Fighting disasters

Friday, 25 April 2014 01:34 -     - {{hitsCtrl.values.hits}}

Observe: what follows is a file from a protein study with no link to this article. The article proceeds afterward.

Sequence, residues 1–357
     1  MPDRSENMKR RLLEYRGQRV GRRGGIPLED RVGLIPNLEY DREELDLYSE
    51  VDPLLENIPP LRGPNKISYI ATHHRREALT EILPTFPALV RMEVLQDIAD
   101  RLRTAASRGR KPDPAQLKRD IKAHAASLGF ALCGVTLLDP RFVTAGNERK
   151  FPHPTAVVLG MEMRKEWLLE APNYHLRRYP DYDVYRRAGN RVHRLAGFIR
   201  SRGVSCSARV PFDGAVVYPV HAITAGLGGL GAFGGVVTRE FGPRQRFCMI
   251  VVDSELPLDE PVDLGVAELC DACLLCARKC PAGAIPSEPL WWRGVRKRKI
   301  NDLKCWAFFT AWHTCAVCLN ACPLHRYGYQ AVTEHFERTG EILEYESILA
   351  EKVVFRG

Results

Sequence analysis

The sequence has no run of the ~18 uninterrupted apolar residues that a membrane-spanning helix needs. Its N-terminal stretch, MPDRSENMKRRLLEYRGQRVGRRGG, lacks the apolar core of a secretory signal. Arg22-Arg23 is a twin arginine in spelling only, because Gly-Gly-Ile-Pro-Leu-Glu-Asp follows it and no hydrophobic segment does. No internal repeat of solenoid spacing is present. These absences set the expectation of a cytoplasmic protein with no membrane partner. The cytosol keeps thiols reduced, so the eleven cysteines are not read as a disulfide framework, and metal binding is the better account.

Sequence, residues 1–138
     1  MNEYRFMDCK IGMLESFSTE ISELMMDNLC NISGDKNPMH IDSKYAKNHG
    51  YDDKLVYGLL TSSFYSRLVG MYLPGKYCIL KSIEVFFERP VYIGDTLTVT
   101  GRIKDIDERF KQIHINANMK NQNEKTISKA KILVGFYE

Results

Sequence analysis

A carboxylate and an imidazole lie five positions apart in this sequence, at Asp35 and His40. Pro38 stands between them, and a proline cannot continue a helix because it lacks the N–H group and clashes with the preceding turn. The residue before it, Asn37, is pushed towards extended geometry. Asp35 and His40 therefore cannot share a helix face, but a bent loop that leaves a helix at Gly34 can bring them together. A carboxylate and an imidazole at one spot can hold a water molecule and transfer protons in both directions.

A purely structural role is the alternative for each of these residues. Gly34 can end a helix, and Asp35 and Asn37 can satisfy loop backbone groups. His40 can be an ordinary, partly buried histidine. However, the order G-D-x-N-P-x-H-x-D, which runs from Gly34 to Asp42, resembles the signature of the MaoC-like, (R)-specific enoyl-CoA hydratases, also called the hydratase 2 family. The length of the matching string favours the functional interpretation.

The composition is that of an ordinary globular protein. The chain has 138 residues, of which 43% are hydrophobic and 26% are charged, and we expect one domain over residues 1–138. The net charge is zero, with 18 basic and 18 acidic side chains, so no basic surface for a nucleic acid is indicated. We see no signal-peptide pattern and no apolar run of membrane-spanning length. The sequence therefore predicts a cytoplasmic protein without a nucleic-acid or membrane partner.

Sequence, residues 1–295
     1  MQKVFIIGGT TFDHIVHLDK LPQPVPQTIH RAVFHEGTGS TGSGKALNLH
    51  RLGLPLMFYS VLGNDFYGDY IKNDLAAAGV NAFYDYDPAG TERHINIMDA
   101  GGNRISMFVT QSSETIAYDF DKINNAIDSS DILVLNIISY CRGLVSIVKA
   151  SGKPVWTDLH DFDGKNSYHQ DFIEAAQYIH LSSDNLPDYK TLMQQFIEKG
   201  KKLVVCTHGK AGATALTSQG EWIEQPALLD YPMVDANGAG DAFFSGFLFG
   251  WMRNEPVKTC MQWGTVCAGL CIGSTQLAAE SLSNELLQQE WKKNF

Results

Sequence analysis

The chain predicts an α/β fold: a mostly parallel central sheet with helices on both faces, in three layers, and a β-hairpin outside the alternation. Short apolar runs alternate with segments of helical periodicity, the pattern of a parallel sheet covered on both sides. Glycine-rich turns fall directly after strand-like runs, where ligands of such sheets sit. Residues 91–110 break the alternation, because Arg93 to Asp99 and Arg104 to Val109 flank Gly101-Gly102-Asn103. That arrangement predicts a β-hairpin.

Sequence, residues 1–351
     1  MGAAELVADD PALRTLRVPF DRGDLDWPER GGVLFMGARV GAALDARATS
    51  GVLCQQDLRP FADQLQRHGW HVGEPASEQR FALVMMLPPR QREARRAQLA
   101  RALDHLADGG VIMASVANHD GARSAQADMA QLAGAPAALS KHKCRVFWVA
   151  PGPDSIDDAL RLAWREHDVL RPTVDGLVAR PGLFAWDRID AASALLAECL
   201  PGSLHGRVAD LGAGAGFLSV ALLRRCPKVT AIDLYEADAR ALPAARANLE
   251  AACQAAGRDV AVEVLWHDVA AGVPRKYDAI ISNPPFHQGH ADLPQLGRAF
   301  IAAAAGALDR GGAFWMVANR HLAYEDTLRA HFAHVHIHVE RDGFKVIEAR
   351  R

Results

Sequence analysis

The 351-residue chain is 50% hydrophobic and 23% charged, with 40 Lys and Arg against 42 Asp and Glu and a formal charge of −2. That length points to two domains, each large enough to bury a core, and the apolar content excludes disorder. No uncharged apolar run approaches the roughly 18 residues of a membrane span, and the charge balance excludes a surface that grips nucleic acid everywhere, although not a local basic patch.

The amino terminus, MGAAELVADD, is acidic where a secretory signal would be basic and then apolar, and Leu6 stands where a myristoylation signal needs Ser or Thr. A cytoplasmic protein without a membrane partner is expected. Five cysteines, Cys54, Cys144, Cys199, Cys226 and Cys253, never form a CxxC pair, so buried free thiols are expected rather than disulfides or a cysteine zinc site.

SRI Lanka has become the first country in South Asia to access an innovative form of World Bank financing that provides immediate payouts after a major catastrophe such as a tsunami, cyclone or flood. But it is just the first step in reducing losses during natural disasters. Approved by the World Bank’s Board of Executive Directors, the $ 102 million Development Policy Loan with a Catastrophe Deferred Drawdown Option (DPL with a CAT DDO) is a line of credit that can be drawn on partially or in full if a country declares a state of emergency after a natural disaster. The facility was approved by the Board along with a $ 110 million Climate Resilience Improvement Project (CRIP), which will finance both short and long term interventions to reduce climate and disaster risk. The United Nations Office for the Coordination of Humanitarian Affairs (UNOCHA) has stated that natural disasters in Sri Lanka during the past decade have inflicted an economic cost of over Rs. 257 billion or $ 1.95 billion. Natural hazards need not turn into disasters. Deaths and damage resulting from disasters expose the cumulative implications of human decisions. Prevention is possible and often less costly than disaster relief and response. Disaster risk can be reduced by strengthening resilience: the ability of societies to resist, cope with, and recover from shocks. By understanding disaster risks and anticipating the potential impacts of natural hazards, disaster and climate risk assessments can help governments, communities, businesses and individuals make informed decisions to manage that risk. Disaster risk information can inform different development strategies, plans and projects that can in turn reduce risks. This can either be done by avoiding the creation of new risks or by addressing existing risks Adequate preparedness measures are essential because disaster risk can never be completely eliminated. Preparedness through early warning systems save lives and protect livelihoods and is one of the most cost-effective ways to reduce the impact of disasters. Financial protection strategies protect governments, businesses and households from the economic burden of disasters. These strategies can include programs to increase the financial capacity of the state to respond to an emergency, whilst protecting the fiscal balance. Ostensibly this is where the World Bank facility will be plugged in. The challenge of reconstruction also presents an opportunity to promote disaster risk management through integrated resilient recovery and reconstruction planning that will drive longer-term resilient development. Drought is perhaps Sri Lanka’s biggest worry as it not only destroys crops and livelihoods but drives up energy costs exorbitantly leaving the entire economy and State enterprises exposed. Recent reports have hinted at the Government even being tempted to purchase Iranian crude oil, defying US sanctions, in a move that could be potentially disastrous for the whole country. Unfortunately, the Budget for 2014 made no structural changes to the CPC, CEB or Water Board to ensure that mismanagement, wastage and corruption is reduced to make the institutions more economically sound. Rampant corruption, environmental degradation, unsustainable policies and stop gap measures all make Sri Lanka particularly vulnerable to dealing with natural disasters. Disaster management is similar to disaster mitigation; however it implies a whole-of-Government approach to using community resources to fight the effects of an event and assumes the community will be self-sufficient for periods of time until the situation can be stabilised. It can only be hoped that the new facility pushes the Government in the right direction.